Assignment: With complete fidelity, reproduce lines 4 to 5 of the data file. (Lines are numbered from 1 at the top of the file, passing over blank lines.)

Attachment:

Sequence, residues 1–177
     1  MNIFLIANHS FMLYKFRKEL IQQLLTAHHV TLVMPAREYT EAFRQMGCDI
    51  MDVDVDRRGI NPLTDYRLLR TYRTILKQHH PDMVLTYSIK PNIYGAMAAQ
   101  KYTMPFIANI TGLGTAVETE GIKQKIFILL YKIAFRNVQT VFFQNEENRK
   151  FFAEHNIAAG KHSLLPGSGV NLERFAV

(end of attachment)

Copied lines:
   101  KYTMPFIANI TGLGTAVETE GIKQKIFILL YKIAFRNVQT VFFQNEENRK
   151  FFAEHNIAAG KHSLLPGSGV NLERFAV